Imagine a world where you have to remember passwords for every website and network you want to use. You’d be constantly typing in your passwords, making it easy for others to access your sensitive information. Even with passwords, there exist vulnerabilities, such as Kerberoasting, a hacking technique that exploits flaws in the Kerberos authentication system to extract password hashes and access sensitive data.
In Greek mythology, Kerberos was named after the three-headed dog who guarded the underworld gates. The Kerberos protocol, like the mythical creature, helps secure the gates of a computer network, protecting it from unauthorized access. This protocol relies on a trusted third party, the Key Distribution Center (KDC), to validate user and device identities and provide secure access to network resources. Kerberos is like a secret assistant who protects your passwords and ensures that only you and the websites you want to access can use them. It’s like having your own personal bouncer for your online information, ensuring that only you and your trusted members can access it.
In this blog, we’ll look at how Kerberos works, the key features that make it so secure, and how it is a valuable tool for protecting computer networks.
What is Kerberos?
The Kerberos network authentication protocol is designed to authenticate users to network services securely. It employs a trusted third party, a Key Distribution Centre (KDC), which issues tickets encrypted with the password hash of the user’s account.
Understanding Kerberoasting: A Threat to Active Directory
Kerberoasting is a post-exploitation attack that extracts service account credential hashes from Active Directory. An attacker can potentially gain unauthorized access to the system by using these hashes to crack the user’s password. The attack is mostly successful due to the use of weak passwords.
Most service account passwords have the same minimum password length requirement for the domain (10 or 12 characters), which makes them vulnerable. Since a majority of the service accounts don’t have password expiration settings, it’s likely that the same password will be valid for months or even years. Moreover, service accounts are often not created with the principle of least privilege in mind. They are usually members of the Domain Admins group, providing the Active Directory with complete administrative capabilities (even if the service account only requires modifying an attribute on specific object types or performing administrative tasks).
How Does Kerberos Work?
- To request (AS-REQ) the TGT, the user logs into the Active Directory, using a username and password. The password is converted to an NTLM hash and sent to the Domain Controller (KDC). The Domain Controller (KDC) generates ticket-granting tickets (TGT) after it verifies user credentials. The encrypted TGT is then delivered to the user (AS-REP).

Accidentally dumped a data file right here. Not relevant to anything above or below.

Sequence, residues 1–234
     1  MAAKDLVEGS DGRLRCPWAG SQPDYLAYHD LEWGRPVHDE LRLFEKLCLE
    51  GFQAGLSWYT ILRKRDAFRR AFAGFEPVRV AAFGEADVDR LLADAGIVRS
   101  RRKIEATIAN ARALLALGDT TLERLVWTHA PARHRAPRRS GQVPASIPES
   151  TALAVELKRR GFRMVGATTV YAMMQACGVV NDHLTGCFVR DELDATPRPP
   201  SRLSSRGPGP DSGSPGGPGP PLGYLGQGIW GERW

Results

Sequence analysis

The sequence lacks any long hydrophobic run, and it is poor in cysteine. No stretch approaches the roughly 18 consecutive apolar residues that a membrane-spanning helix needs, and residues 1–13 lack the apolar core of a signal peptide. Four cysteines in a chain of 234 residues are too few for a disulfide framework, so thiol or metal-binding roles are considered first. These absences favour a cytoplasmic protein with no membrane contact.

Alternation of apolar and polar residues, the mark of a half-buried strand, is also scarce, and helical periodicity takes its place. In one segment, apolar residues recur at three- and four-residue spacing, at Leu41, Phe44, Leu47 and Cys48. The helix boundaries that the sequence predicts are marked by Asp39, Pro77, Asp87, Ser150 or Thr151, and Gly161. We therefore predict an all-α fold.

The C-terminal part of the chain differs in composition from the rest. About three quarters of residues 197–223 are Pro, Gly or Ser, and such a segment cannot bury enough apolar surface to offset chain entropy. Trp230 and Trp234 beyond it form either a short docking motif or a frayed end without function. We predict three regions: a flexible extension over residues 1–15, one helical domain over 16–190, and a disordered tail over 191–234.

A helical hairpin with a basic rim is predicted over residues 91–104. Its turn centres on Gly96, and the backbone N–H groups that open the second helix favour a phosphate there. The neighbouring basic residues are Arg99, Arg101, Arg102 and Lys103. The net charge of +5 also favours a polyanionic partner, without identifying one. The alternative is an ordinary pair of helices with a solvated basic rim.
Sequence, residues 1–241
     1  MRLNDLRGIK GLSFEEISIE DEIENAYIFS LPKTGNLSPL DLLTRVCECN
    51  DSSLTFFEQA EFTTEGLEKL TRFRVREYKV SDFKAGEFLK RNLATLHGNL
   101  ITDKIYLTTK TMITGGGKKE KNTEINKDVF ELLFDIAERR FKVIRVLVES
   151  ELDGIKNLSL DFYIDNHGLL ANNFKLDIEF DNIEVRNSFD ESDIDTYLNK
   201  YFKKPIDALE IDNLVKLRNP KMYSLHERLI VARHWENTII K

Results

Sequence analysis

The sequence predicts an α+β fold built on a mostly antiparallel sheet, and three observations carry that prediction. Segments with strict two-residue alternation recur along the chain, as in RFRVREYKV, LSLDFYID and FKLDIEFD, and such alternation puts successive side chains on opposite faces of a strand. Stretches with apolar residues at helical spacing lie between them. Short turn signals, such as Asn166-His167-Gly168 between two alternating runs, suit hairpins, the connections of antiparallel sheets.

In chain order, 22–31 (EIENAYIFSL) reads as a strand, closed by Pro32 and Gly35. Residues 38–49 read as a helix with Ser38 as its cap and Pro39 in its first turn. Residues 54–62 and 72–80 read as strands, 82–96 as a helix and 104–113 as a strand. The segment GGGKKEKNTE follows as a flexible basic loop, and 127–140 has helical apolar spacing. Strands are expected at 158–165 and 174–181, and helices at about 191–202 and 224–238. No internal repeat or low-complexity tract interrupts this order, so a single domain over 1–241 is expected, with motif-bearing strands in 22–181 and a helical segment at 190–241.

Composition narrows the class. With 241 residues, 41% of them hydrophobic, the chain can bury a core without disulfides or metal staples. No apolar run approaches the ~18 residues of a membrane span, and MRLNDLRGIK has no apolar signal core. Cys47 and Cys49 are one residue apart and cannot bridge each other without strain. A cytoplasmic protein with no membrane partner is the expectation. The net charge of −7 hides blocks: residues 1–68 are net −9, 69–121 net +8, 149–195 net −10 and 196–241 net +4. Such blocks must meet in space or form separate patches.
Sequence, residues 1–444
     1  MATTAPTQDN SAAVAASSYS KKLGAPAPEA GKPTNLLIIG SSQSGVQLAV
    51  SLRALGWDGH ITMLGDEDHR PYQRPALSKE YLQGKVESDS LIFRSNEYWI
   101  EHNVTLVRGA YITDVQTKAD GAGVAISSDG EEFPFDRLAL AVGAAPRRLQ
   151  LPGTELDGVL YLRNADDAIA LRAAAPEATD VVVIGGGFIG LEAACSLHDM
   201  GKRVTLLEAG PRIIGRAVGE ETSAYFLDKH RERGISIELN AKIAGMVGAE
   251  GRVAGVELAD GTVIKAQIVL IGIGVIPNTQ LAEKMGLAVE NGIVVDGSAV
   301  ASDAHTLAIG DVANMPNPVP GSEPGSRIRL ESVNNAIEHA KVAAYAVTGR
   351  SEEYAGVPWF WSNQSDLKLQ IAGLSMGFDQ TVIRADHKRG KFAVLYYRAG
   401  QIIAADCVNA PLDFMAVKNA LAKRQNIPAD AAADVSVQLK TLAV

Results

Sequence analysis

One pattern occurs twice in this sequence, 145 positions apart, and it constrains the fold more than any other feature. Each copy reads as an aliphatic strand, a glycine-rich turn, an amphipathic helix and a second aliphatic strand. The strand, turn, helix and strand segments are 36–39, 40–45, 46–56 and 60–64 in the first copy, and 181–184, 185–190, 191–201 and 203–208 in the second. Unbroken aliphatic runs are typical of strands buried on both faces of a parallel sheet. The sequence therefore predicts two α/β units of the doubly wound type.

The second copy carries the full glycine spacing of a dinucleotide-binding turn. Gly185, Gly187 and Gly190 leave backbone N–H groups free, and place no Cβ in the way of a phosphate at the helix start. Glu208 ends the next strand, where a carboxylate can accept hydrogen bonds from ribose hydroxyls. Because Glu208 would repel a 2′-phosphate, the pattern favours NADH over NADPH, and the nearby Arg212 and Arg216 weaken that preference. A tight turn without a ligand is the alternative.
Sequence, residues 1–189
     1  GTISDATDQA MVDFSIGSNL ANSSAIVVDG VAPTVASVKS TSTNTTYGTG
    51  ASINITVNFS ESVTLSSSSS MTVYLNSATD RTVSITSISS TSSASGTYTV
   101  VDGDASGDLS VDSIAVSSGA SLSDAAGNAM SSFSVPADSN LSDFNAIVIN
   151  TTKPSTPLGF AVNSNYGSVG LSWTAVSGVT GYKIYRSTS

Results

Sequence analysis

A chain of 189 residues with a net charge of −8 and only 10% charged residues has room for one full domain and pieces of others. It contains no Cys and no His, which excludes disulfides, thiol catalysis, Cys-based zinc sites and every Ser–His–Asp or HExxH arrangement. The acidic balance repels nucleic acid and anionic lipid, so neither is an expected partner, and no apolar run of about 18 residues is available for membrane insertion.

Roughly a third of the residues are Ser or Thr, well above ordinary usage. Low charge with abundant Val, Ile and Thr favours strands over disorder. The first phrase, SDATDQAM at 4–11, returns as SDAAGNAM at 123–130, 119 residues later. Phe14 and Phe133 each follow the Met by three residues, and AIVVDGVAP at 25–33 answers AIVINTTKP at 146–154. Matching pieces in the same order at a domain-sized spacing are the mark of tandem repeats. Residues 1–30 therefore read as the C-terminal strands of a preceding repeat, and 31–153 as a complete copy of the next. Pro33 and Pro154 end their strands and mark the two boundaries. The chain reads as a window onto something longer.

- When requesting (TGS-REQ) a Ticket Granting Service (TGS) ticket, the user provides the TGT to the DC. The DC validates the TGT and creates a TGS ticket. The TGS is encrypted with the target service account’s NTLM password hash and sent to the user (TGS-REP).
- The user provides (AP-REQ) the TGS and establishes a connection with the server running the service on the relevant port. The service uses the NTLM password hash to open the TGS ticket.
Where is the Flaw?
The service account’s weak password is the cause of the vulnerability. As previously stated, the target service’s password hash encrypts the ticket, and any user in the AD can request this ticket from the KDC and crack it offline. If strong password policies are not implemented, a weakly used password can be compromised, leading to unauthorized access.
A user or machine account is the two types of account that can be connected to an SPN. A machine account password (128-character password) is generated randomly and theoretically impossible to crack. Whereas the security of a user account password depends on the administrator who set it.
How To Mitigate Kerberoasting?
Ensure that the passwords for all service accounts (user accounts with Service Principal Names) are long, difficult, and at least 25 characters long. This makes it more difficult to crack these passwords.
Use group-managed service accounts, managed automatically by Active Directory, and have random, complex passwords (>100 characters).
The emphasis should be ensuring that Service Accounts with privileged AD permissions have even more complex passwords.
Use Group Policy to enable logging to Kerberos TGS requests. Go to “Account Logon,” enable “Audit Kerberos Service Ticket Operations,” and search for users with excessive TGS requests. This event will trigger dozens of times per day for each user. Although, encountering false positives will be a trade-off.
How to Stay Secure with Accorian?
We at Accorian provide full-fledged services to test and evaluate the security posture of your network with a targeted attack against Active Directory in the form of red team assessments. Reach out to us for a more in-depth discussion.
Accorian offers comprehensive services to evaluate the security of your Active Directory configuration. We are committed to assisting clients in identifying potential vulnerabilities and ensuring the overall security of their network through our team of penetration testing experts.
Contact us for a thorough evaluation of your Active Directory security posture. Allow us to assist you in safeguarding your valuable assets and data against potential security threats.